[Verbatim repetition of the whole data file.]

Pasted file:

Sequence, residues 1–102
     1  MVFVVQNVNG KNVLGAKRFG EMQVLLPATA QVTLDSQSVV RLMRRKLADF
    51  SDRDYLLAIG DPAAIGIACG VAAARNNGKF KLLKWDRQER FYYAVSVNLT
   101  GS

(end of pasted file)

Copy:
Sequence, residues 1–102
     1  MVFVVQNVNG KNVLGAKRFG EMQVLLPATA QVTLDSQSVV RLMRRKLADF
    51  SDRDYLLAIG DPAAIGIACG VAAARNNGKF KLLKWDRQER FYYAVSVNLT
   101  GS